As we came out of the car, we saw a truck transferring potatoes, and I said, "I wish I could be a farmer someday." After a pause to look at it I said, "Don't you think there are one too many potatoes being transferred. I knew farms were big but not that big!" "Maybe this isn't only one farm, but used for many farms," Tonio replied.
When we reached 75, I remembered something and said, "Oh I just remembered. Blaz's dad (Blaz is my friend) every month or two runs about 70 km!" Then he said that he was thinking about stopping marathons. "Noooo!" I shouted. "You can't stop now after you've just had a bad marathon." "It wasn't bad it just was my worst one." "But shouldn't you make your last marathon a good one so you have good memories?" "But if I end with a good one I will think about continuing." "But why would that be a bad thing?" "Well, you have to stop at one point. And you know how much suffering I have to do every training session for just one marathon? Every last 30 minutes of training I have to drag myself back home." "Well if you really feel like that then why didn't you stop before?" "Because the suffering has increased through the years."
Then we saw a house. I was about to go in it to rest on a bench for a bit but Tonio stopped me. He said that it was a little bit dangerous and he pointed out that the house was leaning to one side a little so we stepped away. "But wouldn't there be a no enter or stop sign if it were dangerous?" I said. "Yes but I don't know why," Tonio replied. "Say, if that house would fall and people under it would they show it on the news?" I asked. "Well, in the local news yes but I don't think in the national news," Tonio said.
And of course the views were excellent as we went through the forest.
And finally, as we came back, we saw that the truck was still transferring potatoes. But there was another truck just behind it. "You were right as always!" I said. Then we went into our cosy car and drove home...
Did you have fun? If you have, then join us on our next adventure in the amazing adventures of Dijleland!
We had to get to number 74, which is located at the edge of a forest and could be reached through narrow and rough country roads. After a couple of consultations of the map, I parked next to what looked like a farmhouse next to an agricultural processing plant of some sort. There was a conveyor belt which was pouring potatoes into the back of a large truck. Soil was being deposited on the ground, while an elderly man was watching the contents of the belt and taking out the bad potatoes. Next to these works, a billboard explains (in Dutch) the whole process how "frietjes" (fries, the Belgian national snack) are grown.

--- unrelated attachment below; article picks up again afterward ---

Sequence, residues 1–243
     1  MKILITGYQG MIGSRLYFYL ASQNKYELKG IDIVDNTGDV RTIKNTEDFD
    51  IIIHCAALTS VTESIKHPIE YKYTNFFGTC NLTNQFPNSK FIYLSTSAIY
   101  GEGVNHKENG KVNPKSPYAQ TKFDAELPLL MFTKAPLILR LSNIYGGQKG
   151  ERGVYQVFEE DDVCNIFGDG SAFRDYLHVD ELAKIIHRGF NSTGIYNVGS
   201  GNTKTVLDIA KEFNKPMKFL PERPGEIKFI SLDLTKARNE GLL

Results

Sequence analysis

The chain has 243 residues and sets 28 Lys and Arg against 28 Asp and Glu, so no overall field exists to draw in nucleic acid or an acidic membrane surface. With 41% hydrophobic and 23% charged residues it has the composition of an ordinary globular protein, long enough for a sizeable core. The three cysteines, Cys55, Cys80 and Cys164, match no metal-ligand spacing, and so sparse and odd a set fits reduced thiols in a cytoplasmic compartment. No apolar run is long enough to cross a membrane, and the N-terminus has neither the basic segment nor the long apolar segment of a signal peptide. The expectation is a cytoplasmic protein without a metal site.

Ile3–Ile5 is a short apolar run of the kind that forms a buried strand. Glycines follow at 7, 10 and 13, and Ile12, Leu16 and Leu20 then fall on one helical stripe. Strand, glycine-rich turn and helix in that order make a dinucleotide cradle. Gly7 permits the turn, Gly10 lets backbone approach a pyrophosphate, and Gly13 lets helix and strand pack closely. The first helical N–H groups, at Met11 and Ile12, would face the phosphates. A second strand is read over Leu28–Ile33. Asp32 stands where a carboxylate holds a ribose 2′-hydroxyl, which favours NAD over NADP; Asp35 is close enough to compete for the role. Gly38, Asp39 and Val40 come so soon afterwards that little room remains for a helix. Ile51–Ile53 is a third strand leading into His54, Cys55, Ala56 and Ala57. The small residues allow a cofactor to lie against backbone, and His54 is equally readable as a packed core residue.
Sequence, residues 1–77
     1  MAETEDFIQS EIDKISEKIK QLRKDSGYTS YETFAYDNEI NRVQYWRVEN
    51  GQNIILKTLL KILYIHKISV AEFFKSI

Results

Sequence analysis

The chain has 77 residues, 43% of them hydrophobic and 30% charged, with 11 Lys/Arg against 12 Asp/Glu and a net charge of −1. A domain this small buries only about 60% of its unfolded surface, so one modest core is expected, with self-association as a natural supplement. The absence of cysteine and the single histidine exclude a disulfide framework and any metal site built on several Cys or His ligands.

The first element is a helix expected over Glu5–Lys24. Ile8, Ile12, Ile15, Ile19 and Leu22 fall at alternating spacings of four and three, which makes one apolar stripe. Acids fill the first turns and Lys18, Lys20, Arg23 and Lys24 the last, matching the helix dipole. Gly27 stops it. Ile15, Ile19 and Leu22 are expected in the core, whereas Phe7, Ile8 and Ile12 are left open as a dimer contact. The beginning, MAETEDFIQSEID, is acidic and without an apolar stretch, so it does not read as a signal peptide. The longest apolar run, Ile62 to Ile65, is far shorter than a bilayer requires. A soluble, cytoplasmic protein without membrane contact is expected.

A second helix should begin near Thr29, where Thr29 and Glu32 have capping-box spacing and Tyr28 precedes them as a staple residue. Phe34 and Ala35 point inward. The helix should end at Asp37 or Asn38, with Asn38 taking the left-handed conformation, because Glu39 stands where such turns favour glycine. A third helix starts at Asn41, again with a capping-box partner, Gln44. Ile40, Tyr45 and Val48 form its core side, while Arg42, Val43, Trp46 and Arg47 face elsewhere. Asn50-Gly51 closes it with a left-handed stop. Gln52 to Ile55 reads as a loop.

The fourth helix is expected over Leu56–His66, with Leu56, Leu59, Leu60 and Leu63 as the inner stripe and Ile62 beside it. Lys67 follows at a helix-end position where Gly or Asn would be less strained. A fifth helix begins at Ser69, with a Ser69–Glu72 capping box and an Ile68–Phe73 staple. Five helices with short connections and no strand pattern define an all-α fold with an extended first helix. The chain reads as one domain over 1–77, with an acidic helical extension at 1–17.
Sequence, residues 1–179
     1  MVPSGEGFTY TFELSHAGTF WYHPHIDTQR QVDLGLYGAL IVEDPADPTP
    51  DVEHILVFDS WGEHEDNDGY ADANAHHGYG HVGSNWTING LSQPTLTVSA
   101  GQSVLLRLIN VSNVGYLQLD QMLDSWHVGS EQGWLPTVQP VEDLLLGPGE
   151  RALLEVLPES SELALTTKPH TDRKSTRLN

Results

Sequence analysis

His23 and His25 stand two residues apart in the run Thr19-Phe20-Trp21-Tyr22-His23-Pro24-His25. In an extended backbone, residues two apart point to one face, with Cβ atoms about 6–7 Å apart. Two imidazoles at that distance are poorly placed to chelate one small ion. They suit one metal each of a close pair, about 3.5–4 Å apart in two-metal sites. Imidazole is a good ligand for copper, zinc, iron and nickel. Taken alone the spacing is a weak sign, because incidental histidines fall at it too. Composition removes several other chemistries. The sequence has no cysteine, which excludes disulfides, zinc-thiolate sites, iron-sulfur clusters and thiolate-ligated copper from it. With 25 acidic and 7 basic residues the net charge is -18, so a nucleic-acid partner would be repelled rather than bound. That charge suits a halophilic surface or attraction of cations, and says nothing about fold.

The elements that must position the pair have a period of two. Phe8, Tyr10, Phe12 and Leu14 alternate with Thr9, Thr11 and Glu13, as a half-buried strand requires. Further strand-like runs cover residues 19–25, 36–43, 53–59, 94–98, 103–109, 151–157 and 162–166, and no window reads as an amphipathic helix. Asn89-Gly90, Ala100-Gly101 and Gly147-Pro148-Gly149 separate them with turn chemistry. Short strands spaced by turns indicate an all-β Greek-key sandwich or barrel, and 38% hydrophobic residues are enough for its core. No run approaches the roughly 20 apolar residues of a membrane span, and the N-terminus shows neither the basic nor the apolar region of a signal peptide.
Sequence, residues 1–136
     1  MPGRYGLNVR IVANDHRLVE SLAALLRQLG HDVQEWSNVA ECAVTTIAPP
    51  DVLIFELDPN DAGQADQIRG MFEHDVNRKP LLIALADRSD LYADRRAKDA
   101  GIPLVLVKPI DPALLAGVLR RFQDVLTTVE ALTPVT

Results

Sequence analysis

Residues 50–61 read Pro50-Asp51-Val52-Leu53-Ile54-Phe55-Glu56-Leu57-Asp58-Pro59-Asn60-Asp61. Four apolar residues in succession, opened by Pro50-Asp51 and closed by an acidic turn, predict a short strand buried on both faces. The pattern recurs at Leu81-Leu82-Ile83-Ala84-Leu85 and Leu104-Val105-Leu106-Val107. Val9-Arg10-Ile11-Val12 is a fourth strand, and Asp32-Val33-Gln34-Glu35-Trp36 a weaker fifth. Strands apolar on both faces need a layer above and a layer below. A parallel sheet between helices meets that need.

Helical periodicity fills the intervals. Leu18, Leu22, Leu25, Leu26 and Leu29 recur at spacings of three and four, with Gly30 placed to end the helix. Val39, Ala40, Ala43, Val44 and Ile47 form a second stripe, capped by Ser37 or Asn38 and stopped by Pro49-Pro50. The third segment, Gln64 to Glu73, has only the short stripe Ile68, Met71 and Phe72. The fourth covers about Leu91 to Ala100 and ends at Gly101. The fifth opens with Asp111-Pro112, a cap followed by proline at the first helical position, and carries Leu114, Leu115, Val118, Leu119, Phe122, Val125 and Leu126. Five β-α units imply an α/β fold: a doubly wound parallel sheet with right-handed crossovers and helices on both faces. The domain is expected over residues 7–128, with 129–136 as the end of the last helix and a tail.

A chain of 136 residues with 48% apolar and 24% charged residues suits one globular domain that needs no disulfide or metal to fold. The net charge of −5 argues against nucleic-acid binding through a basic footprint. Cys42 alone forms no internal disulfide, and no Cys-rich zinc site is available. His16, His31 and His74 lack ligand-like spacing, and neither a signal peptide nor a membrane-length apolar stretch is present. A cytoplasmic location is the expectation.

There was a lot of running activity going on in the area. While still taking our bearings, coming out of the car, a runner stopped to ask for directions to Bierbeek. I could help him out, also thanks to the map we had been consulting, then he noticed my favourite bright orange tee-shirt from the Rotterdam marathon, so we had a little chat about marathons in general. Later, during our walk, we saw groups of runners waiting for each other, running together, alone or accompanied by a dog. This was rather unusual as normally we hardly ever encounter any runners on our walks. It must be an area that is popular with runners, in fact one particular tree-lined path looked exactly like one in the Arboretum which is part of my own standard run. Besides, it was Sunday morning, traditionally the time most runners carry out their weekly longest run.
As usual, our adventure was unusual, in that it had its own peculiarities. Another unusual event today was the fact that it rained. Granted, rain is hardly a rare event in Belgium, but it's rare on our walks because when the weather is bad we tend to stay at home. Today we decided to take our raincoats with us, which was just as well because there was a heavy downpour even before we reached the wooden post with number 74, the "official" start of our walk.
As usual, again, we had some interesting discussions. We considered the best time for me to retire from running marathons. Gianluca suggested that my last marathon should be one with a good performance, so that I end on a high note. I pointed out that if I run a good marathon it would be a pity if I stopped, and I would want to run another one. We entered deeply philosophical territory - what happens when we're dead, belief in reincarnation, the actual meaning of belief, the incredibly narrow odds of someone actually being born, and various other topics... Later, when we walked through a short stretch where we had already been in our previous walk, we recognised some features like mushrooms growing out of a tree, a gazebo that looks unstable... and mused on the strange nature of memory. Some details remain stored in our memory but we are totally unconscious of them, but then we are reminded of them and the memory is so clear.
It was these discussions and events external to the walk, rather than the scenery itself, that was so interesting today.